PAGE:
(CNN) - Authorities in Germany are investigating the birth of three children with hand deformities in a city in the west of the country.
The Sankt Marien Hospital in the city of Gelsenkirchen reported that three babies were born with "one-sided hand deformities" between June and the beginning of September this year.
"In two of the affected children, the left hand was deformed -- they had a normal forearm, but the palms and fingers were undeveloped. In another child, the right hand was affected -- here, too, the hand and fingers were undeveloped, despite a normal forearm," the hospital said in a statement.
The hospital said there were no "ethnic, cultural or social similarities" between the affected families that could explain the deformities, and it noted that all lived within the local area.
"We have not seen deformities of this kind for many years. Multiple occurrences could be a random burst. However, we believe that the brief period during which we have seen these three cases is striking," the hospital said.
Statistically, between 1% and 2% of all babies are born with a deformity, the hospital said.
The case was brought to light by Sonja Liggett-Igelmund, a midwife based in the western German city of Cologne, who has warned that many more babies may have been born with the same condition.
Liggett-Igelmund told CNN that she learned about the cases in Gelsenkirchen when talking to fellow midwives on online midwifery forums.
She said that while deformities such as these "do occur," they are typically "so rare," and seeing three similar deformities in the space of a few months was "too much."
"To me, it sounded like something much bigger," she said. "One midwife came across one case in her whole career. Three in three months is not normal."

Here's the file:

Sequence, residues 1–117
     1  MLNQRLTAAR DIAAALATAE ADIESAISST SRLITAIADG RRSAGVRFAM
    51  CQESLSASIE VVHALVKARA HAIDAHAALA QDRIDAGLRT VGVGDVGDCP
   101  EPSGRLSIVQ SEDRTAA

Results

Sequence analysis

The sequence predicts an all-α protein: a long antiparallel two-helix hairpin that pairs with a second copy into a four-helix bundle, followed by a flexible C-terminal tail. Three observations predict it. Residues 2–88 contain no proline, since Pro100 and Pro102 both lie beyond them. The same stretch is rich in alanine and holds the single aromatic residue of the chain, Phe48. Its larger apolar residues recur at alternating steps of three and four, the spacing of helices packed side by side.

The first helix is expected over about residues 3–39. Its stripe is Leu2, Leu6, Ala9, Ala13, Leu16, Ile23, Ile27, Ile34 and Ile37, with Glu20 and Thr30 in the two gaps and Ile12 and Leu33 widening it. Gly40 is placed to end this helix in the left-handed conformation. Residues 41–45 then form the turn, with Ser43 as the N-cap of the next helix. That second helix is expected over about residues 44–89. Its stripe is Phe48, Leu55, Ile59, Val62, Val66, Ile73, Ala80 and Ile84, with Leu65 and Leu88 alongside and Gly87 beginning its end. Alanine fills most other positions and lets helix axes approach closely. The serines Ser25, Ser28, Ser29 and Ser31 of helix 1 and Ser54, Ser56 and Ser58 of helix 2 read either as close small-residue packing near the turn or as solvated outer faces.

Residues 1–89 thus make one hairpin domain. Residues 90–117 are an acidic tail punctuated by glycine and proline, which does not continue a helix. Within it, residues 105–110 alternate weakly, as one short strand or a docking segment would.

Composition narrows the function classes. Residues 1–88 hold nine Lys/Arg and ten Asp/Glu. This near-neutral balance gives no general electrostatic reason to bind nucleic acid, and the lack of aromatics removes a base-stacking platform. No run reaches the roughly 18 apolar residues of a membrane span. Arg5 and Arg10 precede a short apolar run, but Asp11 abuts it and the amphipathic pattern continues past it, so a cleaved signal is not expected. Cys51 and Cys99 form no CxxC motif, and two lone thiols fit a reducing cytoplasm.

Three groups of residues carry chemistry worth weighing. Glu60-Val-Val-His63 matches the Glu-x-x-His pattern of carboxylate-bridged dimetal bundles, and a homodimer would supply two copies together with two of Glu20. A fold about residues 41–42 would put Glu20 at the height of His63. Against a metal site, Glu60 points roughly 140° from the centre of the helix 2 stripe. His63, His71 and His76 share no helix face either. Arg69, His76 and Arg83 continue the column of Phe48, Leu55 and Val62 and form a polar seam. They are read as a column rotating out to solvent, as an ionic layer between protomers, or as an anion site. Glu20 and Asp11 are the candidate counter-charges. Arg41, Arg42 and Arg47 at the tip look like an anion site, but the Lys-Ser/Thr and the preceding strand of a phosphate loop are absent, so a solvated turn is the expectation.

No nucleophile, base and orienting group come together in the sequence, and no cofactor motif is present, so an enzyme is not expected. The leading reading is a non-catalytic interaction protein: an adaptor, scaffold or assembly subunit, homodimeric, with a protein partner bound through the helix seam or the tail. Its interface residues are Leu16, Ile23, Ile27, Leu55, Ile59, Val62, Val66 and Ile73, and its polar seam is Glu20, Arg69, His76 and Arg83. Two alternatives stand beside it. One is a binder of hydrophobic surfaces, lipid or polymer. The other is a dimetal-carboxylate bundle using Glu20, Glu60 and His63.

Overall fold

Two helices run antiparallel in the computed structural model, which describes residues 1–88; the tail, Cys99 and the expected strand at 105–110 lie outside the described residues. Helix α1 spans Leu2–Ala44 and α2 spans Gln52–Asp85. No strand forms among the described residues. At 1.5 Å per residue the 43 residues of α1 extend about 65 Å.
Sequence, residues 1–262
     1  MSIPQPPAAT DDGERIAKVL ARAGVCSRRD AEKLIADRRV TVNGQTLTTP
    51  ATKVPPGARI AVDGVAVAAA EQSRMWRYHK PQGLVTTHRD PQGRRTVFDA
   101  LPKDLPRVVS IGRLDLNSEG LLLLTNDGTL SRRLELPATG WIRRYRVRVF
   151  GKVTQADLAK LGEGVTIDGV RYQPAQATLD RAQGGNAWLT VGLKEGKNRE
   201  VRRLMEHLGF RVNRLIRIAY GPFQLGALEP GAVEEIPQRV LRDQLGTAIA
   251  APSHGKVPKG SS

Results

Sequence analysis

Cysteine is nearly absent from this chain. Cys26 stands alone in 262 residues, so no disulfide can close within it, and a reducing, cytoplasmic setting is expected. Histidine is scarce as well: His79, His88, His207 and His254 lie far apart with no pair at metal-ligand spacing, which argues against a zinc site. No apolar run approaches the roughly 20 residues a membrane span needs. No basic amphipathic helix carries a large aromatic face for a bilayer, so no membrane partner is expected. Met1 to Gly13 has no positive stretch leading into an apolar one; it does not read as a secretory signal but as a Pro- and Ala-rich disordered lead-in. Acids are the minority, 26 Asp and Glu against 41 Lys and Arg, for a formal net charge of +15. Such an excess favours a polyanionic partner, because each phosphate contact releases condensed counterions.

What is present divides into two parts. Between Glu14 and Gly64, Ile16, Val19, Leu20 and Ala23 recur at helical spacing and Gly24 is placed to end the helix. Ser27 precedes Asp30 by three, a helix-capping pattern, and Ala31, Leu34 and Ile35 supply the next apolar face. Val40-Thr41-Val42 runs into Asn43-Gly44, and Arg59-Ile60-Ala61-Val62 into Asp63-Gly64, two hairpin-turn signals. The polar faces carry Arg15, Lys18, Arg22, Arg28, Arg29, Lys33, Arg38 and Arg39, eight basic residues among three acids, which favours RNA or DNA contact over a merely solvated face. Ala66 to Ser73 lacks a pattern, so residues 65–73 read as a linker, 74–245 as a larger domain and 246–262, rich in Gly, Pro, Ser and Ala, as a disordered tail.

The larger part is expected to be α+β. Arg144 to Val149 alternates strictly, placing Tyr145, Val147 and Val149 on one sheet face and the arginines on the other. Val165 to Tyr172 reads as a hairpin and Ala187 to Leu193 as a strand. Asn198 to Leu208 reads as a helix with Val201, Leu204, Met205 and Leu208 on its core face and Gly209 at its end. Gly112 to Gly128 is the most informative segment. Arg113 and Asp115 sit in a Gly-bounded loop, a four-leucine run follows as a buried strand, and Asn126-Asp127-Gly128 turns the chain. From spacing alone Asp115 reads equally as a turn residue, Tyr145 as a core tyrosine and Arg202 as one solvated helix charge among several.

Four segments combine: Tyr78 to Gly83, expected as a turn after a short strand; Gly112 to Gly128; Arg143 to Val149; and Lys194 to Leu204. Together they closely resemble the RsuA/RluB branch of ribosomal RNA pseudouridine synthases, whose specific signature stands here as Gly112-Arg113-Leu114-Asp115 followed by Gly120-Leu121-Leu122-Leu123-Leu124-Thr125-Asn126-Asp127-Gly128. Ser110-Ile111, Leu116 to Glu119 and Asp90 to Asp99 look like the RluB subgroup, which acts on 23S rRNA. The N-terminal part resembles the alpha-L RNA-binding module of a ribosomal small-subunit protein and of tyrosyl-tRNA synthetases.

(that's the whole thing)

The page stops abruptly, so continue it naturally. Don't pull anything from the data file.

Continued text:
Tracking cases is not easy
Since bringing attention to the cases, Liggett-Igelmund said she has been contacted by many families across Germany whose children have been born with similar deformities.
"All the babies have the same deformities. Even colleagues have told me about such cases," she told the Süddeutsche Zeitung newspaper. "Roughly speaking, all the children have been born in the past three years, and many of them this summer."
Detecting trends in deformities among newborns in Germany isn't straightforward, as there is no national register. Liggett-Igelmund told CNN that creating a centralized register is vital.
The Sankt Marien Hospital noted that limb deformities during pregnancy can be caused by infections or toxins of various kinds.
Other possibilities, the hospital said, include constriction ring syndrome -- when fibers from the amniotic sac wrap themselves around a fetus, causing deformities -- or the umbilical cord becoming wrapped around a fetus' limbs.
The health ministry for the German state of North Rhine-Westphalia told CNN that it takes reports of deformities in children "very seriously" and intends to contact all medical centers in the state to determine whether similar deformities had been recorded.
"In addition, we are establishing contact with medical associations, the federal government and the other federal states in order to investigate possible causes with all due care," it added. "It must be examined together as to whether a registry is the right way forward."
Follows French investigation last year
The latest cases in Germany follow a similar cluster in isolated rural regions of France last year, which sparked a nationwide investigation.
In October 2018, the French health agency, Santé Publique France, found seven cases of limb deformity among newborns in three geographical areas, which had been flagged by the regional register for birth defects.
Additional tests conducted with hospital data in the Ain region, near the Swiss border, revealed a further 11 cases, amounting to a total of 18 cases between 2000 and 2014.
Agnès Buzyn, France's health minister, warned that the cases could be caused by an "environmental issue."
"It could be what they ate or what they drank. It could be something that they've breathed in," she told French TV station BFM TV.
The new cases in Germany are also reminiscent of the thalidomide scandal of the 1960s, when a drug created by the German pharmaceutical company Chemie Grünenthal to alleviate morning sickness caused thousands of women to suffer stillbirths. Many children who survived exposure to the drug in the womb were born with limb deformities.
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